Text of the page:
Armadillos and Cyclists
How Intuition and Instinct Can Lead to Trouble
Our biggest challenge is teaching people that they have
something to learn.
A naturalist recently told about his study of armadillos in Texas. He described that, when threatened, armadillos rise up to “look big” and deter attack. This is an appropriate response to 4-legged predators, such as coyotes; but it can be tragically inappropriate when the “predator” has 4 wheels. The naturalist would often see road kill with the only apparent damage being a small crescent-shaped nick in the shell near the head where it had been hit by a car’s undercarriage. If the animal had hunkered-down instead of rising up, it would likely have not been hurt.
Like armadillos, many cyclists respond inappropriately to the perceived danger of passing traffic on the road. The intuitive reaction is to “stay out of the way” by riding on sidewalks, or on the wrong side of the road (to see traffic coming) or hug the curb and ride in the gutter.
In a way, cyclists’ response is opposite to armadillos; they “ride small”. What is similar is that instinct or intuition gets them in trouble.
These responses make cyclists less visible. Since other drivers on the road must see cyclists to avoid them, “staying out of the way” detracts from safety — much like “looking big” to cars endangers armadillos.
|Controlling the lane|
Riding at the extreme edge also encourages motorist mistakes, such as trying to pass in the same lane (squeezing by) instead of giving adequate clearance by using the next lane. Another mistake is cutting-off the cyclist in a “right-hook” or “left-cross” turn. All of these problems, and others, are much less likely if the cyclist rides further left. Not only that, riding near the middle of the lane makes escape from a bad situation easier.
You may think that intelligent humans should not be compared to dumb animals such as armadillos that rely on instinct. But intuition is much like instinct — it guides unconscious action. Intuition often works well, but not always.
Consider investing behavior, where many people “buy high and sell low”. They chase past performance, buying hot stocks or mutual funds at high prices, then sell at a loss when the inevitable correction comes. This boom and bust pattern has repeated many times, from at least the Dutch tulip mania of the early 17th century to the “dotcom bubble” at the end of the 20th century.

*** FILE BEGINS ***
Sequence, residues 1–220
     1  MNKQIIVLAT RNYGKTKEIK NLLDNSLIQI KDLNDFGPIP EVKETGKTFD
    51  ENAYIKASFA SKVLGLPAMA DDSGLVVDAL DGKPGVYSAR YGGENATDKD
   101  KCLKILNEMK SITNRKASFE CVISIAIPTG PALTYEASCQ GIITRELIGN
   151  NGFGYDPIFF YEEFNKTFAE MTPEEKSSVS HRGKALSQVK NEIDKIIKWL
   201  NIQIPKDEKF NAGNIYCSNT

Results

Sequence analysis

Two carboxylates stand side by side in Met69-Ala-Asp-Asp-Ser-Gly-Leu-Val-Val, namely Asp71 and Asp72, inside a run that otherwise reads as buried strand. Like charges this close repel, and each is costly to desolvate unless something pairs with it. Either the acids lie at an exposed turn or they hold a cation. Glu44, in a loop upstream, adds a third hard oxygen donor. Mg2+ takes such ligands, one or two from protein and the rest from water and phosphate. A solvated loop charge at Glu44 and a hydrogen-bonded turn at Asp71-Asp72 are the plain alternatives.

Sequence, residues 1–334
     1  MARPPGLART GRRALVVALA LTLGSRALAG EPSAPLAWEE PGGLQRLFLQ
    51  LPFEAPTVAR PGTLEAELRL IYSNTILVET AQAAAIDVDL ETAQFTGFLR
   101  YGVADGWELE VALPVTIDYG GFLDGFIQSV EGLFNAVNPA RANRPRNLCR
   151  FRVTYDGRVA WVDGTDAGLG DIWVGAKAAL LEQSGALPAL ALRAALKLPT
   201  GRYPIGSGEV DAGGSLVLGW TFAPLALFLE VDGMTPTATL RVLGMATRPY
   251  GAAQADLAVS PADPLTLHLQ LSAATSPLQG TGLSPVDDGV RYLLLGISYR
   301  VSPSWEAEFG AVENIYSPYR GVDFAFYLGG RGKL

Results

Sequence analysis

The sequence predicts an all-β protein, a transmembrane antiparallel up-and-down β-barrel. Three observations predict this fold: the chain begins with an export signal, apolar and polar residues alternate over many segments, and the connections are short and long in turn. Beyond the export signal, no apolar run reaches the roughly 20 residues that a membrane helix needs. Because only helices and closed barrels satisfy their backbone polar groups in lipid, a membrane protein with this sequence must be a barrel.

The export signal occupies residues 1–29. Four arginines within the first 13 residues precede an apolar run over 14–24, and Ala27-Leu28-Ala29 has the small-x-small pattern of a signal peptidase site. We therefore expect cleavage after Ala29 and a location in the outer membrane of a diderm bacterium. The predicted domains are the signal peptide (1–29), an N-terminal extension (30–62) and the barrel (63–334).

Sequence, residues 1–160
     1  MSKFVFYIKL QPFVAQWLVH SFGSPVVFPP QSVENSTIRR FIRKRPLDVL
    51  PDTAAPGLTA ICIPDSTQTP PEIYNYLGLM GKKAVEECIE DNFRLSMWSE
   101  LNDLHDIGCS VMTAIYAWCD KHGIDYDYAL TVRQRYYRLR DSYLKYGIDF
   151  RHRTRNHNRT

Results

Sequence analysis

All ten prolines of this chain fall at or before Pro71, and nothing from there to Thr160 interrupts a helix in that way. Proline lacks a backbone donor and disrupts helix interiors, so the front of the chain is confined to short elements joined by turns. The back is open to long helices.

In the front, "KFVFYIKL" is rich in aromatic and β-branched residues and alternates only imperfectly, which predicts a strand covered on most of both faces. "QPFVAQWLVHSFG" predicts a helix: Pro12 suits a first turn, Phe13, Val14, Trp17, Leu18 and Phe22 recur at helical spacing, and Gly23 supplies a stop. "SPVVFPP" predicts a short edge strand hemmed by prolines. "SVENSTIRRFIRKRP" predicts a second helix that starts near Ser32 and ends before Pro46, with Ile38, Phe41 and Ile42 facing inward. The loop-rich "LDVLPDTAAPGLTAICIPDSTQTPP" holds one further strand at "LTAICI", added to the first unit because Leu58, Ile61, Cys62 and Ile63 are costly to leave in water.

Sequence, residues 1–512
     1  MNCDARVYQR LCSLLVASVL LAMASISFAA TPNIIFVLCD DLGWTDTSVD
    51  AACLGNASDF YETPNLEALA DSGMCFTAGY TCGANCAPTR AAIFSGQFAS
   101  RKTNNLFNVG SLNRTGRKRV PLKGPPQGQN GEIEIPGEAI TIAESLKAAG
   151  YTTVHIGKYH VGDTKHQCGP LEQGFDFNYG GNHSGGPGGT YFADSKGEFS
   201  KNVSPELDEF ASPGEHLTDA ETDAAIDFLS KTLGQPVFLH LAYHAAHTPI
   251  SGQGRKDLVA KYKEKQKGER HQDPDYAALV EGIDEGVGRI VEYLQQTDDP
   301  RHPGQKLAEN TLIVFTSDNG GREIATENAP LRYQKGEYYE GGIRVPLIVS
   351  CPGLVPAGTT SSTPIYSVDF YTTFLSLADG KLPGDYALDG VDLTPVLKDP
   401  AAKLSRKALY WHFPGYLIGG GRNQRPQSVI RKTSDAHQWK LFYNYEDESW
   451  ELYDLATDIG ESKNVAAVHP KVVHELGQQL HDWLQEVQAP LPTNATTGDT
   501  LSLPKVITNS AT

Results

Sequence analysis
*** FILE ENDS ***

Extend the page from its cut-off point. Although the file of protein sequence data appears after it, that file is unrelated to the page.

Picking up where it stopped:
We need to teach people to overcome their intuition about bicycle operation — and to overcome the misinformation they were taught as children in “bike safety” lectures from well-meaning adults. We must teach that is much safer to “control the lane” when conditions make passing unsafe. We also need to teach using lights at night, complying with traffic signals (including how to use vehicle detectors) and similar things.
As cycling advocates, our biggest challenge is teaching people that they have something to learn. Education is the key to overcoming armadillo instincts.
The League has failed to produce and distribute effective Public Service Announcements for the mass media. These could tell the public that “bicycles are vehicles that should be operated on the same roads, by the same rules and under the same rights as other vehicles”. But instead, they lobby for segregated facilities — facilities that reinforce the fallacies that underlie armadillo instincts.
The League of American Bicyclists had an excellent educational program, based on Effective Cycling by John Forester. Unfortunately, LAB has kept the light hidden under a bushel by failing to market this vital program effectively. The League has not tried seriously to inform its members and member clubs that they have something to learn by encouraging broad attendance in ‘Smart Cycling’ classes.
Currently, the best ‘bicycle driving’ classes are Cycling Savvy, A Cycling Education Program of the American Bicycling Education Association.
www.labreform.org to join LAB Reform.
© Copyright 2003-2017 Fred Oswald and LAB Reform. May be copied with attribution.
Some materials may have been reproduced under fair use guidelines or with permission of the original author.
The author is a Professional Engineer in Ohio and a certified bicycling safety instructor.
Minor update Apr. 2017